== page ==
December 2, 2016
Ruling The Tribes of Israel: Democracy or Representative Republic?
Here's what everyone needs to understand: Terminology is very important. A common definition of “republic” is, to quote the American Heritage Dictionary, “A political order in which the supreme power lies in a body of citizens who are entitled to vote for officers and representatives responsible to them” — we are that. A common definition of “democracy” is, “Government by the people, exercised either directly or through elected representatives” — we are that, too.
The United States is not a direct democracy, in the sense of a country in which laws (and other government decisions) are made predominantly by majority vote. But we are a representative democracy, which is a form of democracy. But we are also a constitutional democracy, in which courts restrain, in some measure, the democratic will. And the United States is therefore also a constitutional republic. Indeed, the United States might be labeled a constitutional federal representative democracy.
Our problem in understanding our form of government is inherently a problem in education. I'm afraid our schools do not teach the truth about the founding of our form of government, and they certainly do not teach the Biblical foundation upon which our government was structured. That's right! We can look to the Bible to see how God structured governing rules for the Tribes of Israel. And then we can decide if that was the model our Founding Fathers had in mind.
The republican form of government, as we know it, is representative (not democratic) so that a selected group of leaders make national decisions. Those leaders may be selected by popular consent, but decisions about specific laws are not voted on by everyone. Thus, in a republic, it is not a single king or ruler who decides policy, nor is it a vote of every man, rather it is the vote of representatives of the people who make decisions for the nation.
There are many other references to the chiefs of the people, or of the princes, and how they interacted on behalf of the people. All of these were a model for American thought during our founding period, helping to keep us from the despotism of a too strong central authority, or from the mob-rule of a democracy.
Ancient Israel also provided the original example of ‘We the People’ through their covenantal oaths at the outset of their national experiment. Though they were twelve tribes, God treated them as a single nation traveling together in a single cause in a united land. We the People, is a term used to describe that uniting of individual free states under a Godly, covenantal structure.
We the People who established the nation or exercised its highest powers. Those pagan nations were never able to maintain an advantageous combination of representative government with an executive head. The citizens forever found themselves caught between the oppressions of violent, lawless monarchs or the tyranny of anarchy.
No, it was the Hebrew republic that defined and gave an example for a righteous civil government. Just read the opening lines of our Constitution: We the People, of the United States, in Order to form a more perfect Union, establish Justice, insure domestic Tranquility, provide for the common defence, promote the general Welfare, and secure the Blessings of Liberty to ourselves and our Posterity, do ordain and establish this Constitution for the United States of America. Can you see the example that the Hebrew covenant with their God and their fellow tribesmen provided?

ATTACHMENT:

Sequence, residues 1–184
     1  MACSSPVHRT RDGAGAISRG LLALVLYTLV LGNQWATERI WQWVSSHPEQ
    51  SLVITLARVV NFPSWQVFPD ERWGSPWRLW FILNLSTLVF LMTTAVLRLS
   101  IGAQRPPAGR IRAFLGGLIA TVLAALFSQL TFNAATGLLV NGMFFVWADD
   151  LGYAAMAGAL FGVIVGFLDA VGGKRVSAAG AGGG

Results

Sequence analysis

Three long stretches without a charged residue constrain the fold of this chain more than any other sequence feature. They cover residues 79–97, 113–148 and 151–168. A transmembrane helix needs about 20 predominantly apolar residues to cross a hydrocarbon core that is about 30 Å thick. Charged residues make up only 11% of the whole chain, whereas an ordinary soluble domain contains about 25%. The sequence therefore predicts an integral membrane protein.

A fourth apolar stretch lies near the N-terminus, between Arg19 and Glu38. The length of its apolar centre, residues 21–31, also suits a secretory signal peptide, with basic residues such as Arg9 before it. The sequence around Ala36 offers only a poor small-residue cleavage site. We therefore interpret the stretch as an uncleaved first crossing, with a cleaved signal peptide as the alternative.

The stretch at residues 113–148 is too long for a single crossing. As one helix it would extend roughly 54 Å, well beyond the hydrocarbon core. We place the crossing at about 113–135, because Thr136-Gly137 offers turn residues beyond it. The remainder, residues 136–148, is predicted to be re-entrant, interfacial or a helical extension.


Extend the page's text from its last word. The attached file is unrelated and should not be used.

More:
During the founding era of our nation the broadly accepted law commentary was Blackstone’s. These were Commentaries on the Laws of England, an influential 18th-century treatise on the common law of England by Sir William Blackstone, originally published by the Clarendon Press at Oxford, 1765–1769. Sir Blackstone assumed everywhere in his commentary that the law of Moses was entirely valid and still the only right basis for any nation. God’s law was assumed as the foundation for common law rulings. It was the law of the people and the law of our land in the early years. As we became more atheistic and godless we traded God’s law, the law of the Hebrew republic, for man-made statute law. Now we are oppressed by an unending myriad of statutes that bind us hand and foot while they wind their way through Washington.
So, it's time to stop the rants and tirades, demanding that we need to abide by our "democratic" principles of government. That is not the basis for our form of government. We must recognize that God's precepts for government, civil authority, justice, and liberty are the foundation of this nation. And as I view the ridiculous demands for endless recounts and demolishing the Electoral College, I would remind all that the Hebrew republic was united under a single system of unchanging law. We would do well to look to God's model for government, trusting it, and remaining in it. Nations come and go, but God's form of government never changes. Let us not veer from His path.
Thank you to Don Schanzenbach for his article, "Biblical Plan for Representative Government".
Deuteronomy 16:18-20 "You shall appoint judges and officers in all your towns that the Lord your God is giving you, according to your tribes, and they shall judge the people with righteous judgment. You shall not pervert justice. You shall not show partiality, and you shall not accept a bribe, for a bribe blinds the eyes of the wise and subverts the cause of the righteous. Justice, and only justice, you shall follow, that you may live and inherit the land that the Lord your God is giving you."